Bayley won her first WWE championship in what was a great and emotional WWE moment, main-eventing Monday Night Raw. The audience was completely invested in the match — a match that despite not being a blow-away contest technically, was crafted so well as to make the fans shift with every ebb and flow, culminating in the climax which saw the audience erupt in genuine elation of the sort you do not often see produced in professional wrestling.
It was truly a special moment and a landmark one in Bayley’s career. But that only begs the question: Why now, and why on Raw? Everything about the situation stinks of WWE cashing in early for a cheap pop and some short-term profit over the potential to have a long-term story with a hugely climactic finish line — like settling for grape Kool-Aid over the finely aged wine.
The Feb. 13 Raw was not a particularly special episode. There was nothing landmark about it. It was just a routine Monday episode, and WWE gave away what could have been a genuine WrestleMania moment so people one day can reminisce about Bayley’s first title victory on that one episode of Raw.
There was really something to be made of Bayley’s struggle to become champion. The story almost writes itself. No one better fits that mold than Bayley. Yet she has only been on the main roster for a little over five months, where she got one quick title shot early on in a triple threat match, and then just got back in the title picture at the start of 2017, losing at Royal Rumble, only to get a rematch two weeks later and voila.
On July 6, 1998, WCW decided to give away its premier blockbuster matchup between Goldberg and Hulk Hogan on free television — a moment considered one of WCW’s biggest blunders. It would be foolish to insist the two scenarios are equal in stature or impact, but the principles are the same. WCW rushed a storyline, had a match with little buildup, and gave it away on Monday Nitro essentially all for a TV rating, costing the company millions of dollars in the process compared to what could have been on PPV with a proper buildup for such a gigantic match.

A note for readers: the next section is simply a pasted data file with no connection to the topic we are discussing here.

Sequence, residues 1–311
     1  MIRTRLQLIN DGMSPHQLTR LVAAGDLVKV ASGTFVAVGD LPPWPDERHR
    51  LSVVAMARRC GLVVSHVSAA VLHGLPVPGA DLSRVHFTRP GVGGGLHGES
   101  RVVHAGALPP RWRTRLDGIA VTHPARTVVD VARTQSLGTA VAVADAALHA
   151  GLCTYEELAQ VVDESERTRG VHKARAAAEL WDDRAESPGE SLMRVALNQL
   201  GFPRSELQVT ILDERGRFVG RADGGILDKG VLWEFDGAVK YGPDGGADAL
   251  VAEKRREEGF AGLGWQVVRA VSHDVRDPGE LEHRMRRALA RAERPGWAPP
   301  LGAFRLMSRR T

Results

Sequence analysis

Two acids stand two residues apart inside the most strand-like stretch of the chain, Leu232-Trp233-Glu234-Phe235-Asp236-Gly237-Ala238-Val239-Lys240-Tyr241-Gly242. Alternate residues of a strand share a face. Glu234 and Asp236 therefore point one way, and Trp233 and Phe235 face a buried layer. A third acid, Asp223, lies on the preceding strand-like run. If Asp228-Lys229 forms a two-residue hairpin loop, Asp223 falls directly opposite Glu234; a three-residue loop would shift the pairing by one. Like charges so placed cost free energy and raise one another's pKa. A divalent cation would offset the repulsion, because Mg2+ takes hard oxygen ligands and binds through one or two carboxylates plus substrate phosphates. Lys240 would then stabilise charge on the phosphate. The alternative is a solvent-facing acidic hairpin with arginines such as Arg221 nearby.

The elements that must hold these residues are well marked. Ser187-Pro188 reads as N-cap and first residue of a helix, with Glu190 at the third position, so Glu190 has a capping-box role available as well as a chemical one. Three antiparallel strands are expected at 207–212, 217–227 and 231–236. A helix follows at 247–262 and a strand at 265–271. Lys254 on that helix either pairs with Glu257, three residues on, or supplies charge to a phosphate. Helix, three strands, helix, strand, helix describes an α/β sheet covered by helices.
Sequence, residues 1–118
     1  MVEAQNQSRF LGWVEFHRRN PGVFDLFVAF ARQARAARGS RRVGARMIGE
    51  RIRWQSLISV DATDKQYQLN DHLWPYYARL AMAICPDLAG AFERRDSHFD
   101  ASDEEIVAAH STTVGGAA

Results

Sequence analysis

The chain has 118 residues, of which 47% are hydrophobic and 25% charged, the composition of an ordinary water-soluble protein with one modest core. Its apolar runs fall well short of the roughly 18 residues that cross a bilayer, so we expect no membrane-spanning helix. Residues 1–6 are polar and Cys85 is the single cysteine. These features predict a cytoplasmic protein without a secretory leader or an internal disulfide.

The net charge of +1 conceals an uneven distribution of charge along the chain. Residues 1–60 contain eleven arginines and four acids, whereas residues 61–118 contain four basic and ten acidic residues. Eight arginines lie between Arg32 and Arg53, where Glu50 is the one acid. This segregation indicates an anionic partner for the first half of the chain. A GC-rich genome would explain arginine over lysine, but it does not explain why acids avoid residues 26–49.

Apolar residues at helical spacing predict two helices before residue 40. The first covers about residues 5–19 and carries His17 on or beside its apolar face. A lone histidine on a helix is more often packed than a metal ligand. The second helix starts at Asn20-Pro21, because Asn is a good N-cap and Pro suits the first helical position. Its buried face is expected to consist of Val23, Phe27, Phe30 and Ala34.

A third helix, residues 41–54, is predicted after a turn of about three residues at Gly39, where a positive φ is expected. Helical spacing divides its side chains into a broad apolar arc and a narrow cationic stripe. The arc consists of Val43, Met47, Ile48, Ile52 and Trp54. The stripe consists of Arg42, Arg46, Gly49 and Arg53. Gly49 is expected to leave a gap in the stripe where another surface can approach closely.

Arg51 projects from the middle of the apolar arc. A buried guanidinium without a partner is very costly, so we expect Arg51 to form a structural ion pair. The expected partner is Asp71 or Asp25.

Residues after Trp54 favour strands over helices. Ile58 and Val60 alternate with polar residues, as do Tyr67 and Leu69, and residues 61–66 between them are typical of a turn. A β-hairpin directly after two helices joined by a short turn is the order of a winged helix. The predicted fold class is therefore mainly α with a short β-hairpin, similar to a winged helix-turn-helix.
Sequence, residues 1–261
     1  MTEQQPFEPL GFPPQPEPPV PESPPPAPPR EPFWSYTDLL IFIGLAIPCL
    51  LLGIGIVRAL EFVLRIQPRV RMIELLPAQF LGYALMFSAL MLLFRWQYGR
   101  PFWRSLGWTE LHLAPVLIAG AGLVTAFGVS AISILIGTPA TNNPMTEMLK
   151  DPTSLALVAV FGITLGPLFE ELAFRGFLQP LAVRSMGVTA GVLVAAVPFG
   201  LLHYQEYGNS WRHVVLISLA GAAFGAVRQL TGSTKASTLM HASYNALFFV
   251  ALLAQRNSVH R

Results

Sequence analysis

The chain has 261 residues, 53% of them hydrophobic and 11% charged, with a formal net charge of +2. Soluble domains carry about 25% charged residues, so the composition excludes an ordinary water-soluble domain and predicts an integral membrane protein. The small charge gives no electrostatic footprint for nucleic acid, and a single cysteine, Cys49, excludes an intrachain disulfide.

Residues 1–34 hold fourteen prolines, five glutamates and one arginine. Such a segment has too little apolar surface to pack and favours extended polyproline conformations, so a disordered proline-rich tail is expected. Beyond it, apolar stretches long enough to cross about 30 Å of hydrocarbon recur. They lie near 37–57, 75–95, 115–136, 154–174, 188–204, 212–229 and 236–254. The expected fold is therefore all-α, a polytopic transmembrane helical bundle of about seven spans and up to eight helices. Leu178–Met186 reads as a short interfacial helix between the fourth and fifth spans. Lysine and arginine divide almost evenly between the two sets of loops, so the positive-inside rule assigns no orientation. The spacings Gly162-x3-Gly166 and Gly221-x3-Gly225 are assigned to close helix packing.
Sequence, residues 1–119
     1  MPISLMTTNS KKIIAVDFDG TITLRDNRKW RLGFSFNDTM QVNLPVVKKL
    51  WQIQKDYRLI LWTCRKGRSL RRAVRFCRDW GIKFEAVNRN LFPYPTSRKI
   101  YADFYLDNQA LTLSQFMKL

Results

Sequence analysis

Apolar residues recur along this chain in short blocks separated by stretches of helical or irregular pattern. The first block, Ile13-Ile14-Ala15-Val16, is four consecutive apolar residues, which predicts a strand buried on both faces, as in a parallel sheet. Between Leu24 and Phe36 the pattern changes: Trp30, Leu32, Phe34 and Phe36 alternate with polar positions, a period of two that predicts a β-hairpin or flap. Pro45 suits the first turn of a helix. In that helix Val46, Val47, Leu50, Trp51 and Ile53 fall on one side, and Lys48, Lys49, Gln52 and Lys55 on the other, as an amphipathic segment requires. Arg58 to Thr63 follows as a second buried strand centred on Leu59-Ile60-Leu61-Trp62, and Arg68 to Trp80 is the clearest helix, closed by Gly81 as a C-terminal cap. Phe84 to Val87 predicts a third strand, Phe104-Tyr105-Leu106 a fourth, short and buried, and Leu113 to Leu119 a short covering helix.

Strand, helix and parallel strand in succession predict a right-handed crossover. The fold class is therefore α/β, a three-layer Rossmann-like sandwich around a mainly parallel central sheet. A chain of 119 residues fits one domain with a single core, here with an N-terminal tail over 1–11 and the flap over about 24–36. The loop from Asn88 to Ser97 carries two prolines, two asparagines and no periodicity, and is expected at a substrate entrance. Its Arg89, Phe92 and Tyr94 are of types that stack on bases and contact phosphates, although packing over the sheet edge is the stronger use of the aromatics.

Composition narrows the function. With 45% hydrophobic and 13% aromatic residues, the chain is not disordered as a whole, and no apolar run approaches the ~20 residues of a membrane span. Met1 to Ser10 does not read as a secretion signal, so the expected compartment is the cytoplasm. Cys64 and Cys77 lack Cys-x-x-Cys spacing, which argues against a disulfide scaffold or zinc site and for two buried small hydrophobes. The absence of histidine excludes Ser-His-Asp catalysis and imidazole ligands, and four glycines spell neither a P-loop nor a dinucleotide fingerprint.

Again, no one is insisting a negative impact anywhere in the same sphere due to Bayley’s title win, but the whole situation shows the same kind of impatience and shortsighted mindset in the payoff. It is tough to say whether it makes it better or worse, but at least WCW can say it got it right the first time around. After all, WCW did manage to make the utmost of its giant program between Hogan and Sting, leading to its biggest and most profitable PPV in the company’s history at Starrcade 1997. Whereas with WWE, Bayley’s title win is just a continuation of what was already being done.
Sasha Banks too captured her first WWE title on a random episode of Raw — another great, emotional moment, but how many people could actually remember which episode it took place on? If that was not bad enough, Banks has already been Women’s Champion three times, and only in a time span of four months. All three title victories — yeah, they happened on arbitrary episodes of Raw. And how memorable do they remain, only about half a year removed from the initial?
Perhaps the rushed feud with Charlotte and Banks was a means to jumpstart the division and give it credibility with the two top stars. The argument is certainly there. But in the case of Bayley, there is just no excuse. WWE absolutely jumped the gun. Sure, Bayley can always wind up in another storyline down the road to recapture the title, but it will be to recapture it. You only get one first time, and WWE used it already. None of the subsequent attempts will have the same meaning behind them.
What’s more, much like John Cena’s recent historical title victory at Royal Rumble, it is hard to imagine Bayley’s title win is going to have much meaning overall. Cena lost the title just two weeks later, after what was supposed to be a grand victory matching WWE’s revisionist-history 16 titles of Ric Flair, ultimately making it futile. With WrestleMania only two months away, the odds are stacked against Bayley still being the champ going into the big event, and even worse on the idea of her coming out of the event as champion. And when you look at the picture as a whole in that sense, you can only sit back reflecting on Bayley’s title victory and wonder, why?